I made a little simple cutting board and afterward I sanded in canola
oil with 400 grit paper. However, the board is unusable now because
once it dries the wood has started to come up in certain places and
splinters are showing.
Cutting some food on this seems unwise and my project seems to be a
failure. Any advice on how to save the board and avoid the splinter
problem in the future?
What kind of wood did you use would help. For a cutting board anything
that would be likely to splinter (like pines, etc.) wouldn't be a
likely candidate for the purpose. You need a close-grained, hard wood
like maple. Oak, walnut, etc., while hard enough, are too porous...
When I do project that might get wet, I wet sand them. Make the item
as usual, then get it wet (I use a spray bottle for turned bowls) and
let it dry. Then sand off the fuzzies. Do the wet-dry step between
each grit until it feels smooth after it dries.
Since your finish is just canola oil, you should be able to go back to
the sanding steps (start at, say, 150 grit) and just re-do everythign
from there - sand, wet/dry, sand, etc, oil.
Toss it into the fire and start over. Oak is a terrible wood for cutting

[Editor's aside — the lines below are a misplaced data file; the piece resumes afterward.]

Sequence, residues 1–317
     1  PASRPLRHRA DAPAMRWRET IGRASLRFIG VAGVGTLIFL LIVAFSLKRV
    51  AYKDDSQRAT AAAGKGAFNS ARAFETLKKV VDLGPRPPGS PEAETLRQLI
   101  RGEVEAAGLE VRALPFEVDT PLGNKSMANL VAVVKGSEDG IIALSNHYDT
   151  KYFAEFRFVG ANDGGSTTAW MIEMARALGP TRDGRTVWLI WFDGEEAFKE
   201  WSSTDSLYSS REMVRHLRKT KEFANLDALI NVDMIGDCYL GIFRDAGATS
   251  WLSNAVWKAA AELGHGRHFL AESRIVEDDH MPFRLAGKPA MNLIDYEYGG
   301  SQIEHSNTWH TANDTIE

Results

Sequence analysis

boards. Much to porous and it will absorb a lot of liquids.
Cut a small strip about 6" long. Put it in a glass of water and blow
through it and you will understand why maple and other close grained wood is
the best solution is to use maple for the cuttin gboard. Hard, not
splinterty and non-porouse (so no food gets stuck in it). Don't put any
finish on it. The wood has really good natural bacteriacides in it, so you
won't need to worry about things growing on it 9assuming a modicum of care).
Because you've already started with oak, you could simply strip ot down and
see how it does. oak has 8really* good anti bacterial properties, and lots
of tannins as well (which will also help discourage stuff from growing). The
fact that it is open grained could be aproblem - if you're cutting something
mushy or really juicy, the stuff willget forced down into the pores, and
could rot there. Good cleaning might keep up with it. No matter what finish
yuo put down, it will get cut and worn, and re-expose the pores, so I'm not
sure that there is areal solution to that problem. also, Oak is pretty
splintery, so as it wears, it'll get more liley to throw a splinter....
I would probably just scrap the oak and start oer with maple. If thats not
an option, I'd keep the oak raw, clean it really well after every use, and
watch and see how it does.....
as a side note: I use a lot of scrap for cutting boards. My favorite is
maple, but I've also used cherry (works great, but can turn funny colors),
mahogany (kinds soft, wears fast), and rosewood (only once - really hard,
and was to rough on my knives)....
I use a Salad Bowl finish on the cutting boards I make. Wood is an
excellent material for cutting boards. It kills the nasties that may
grow. Much better than plastic. Plastic does nothing to kill critters.
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